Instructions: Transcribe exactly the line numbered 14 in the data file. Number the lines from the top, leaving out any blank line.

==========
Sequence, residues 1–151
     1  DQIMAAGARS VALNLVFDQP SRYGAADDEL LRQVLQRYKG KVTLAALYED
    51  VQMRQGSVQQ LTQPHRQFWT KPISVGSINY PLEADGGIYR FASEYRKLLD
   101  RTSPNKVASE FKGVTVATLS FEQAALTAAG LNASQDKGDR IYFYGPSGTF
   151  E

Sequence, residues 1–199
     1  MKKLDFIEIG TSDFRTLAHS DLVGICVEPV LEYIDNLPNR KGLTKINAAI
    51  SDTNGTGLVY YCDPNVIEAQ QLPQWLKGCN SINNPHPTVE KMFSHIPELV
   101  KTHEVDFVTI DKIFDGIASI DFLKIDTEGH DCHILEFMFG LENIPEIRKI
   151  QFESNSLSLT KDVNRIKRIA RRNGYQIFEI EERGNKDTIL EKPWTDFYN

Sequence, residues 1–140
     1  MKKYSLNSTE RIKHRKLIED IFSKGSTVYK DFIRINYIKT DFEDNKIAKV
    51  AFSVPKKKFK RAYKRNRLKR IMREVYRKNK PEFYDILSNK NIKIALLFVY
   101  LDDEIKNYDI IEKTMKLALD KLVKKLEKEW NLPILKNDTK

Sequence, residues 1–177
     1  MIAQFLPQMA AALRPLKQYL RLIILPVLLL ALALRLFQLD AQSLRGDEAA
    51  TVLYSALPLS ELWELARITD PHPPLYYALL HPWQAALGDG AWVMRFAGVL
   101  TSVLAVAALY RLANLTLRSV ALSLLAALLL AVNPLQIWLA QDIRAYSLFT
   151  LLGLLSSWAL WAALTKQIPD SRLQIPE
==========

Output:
   101  LDDEIKNYDI IEKTMKLALD KLVKKLEKEW NLPILKNDTK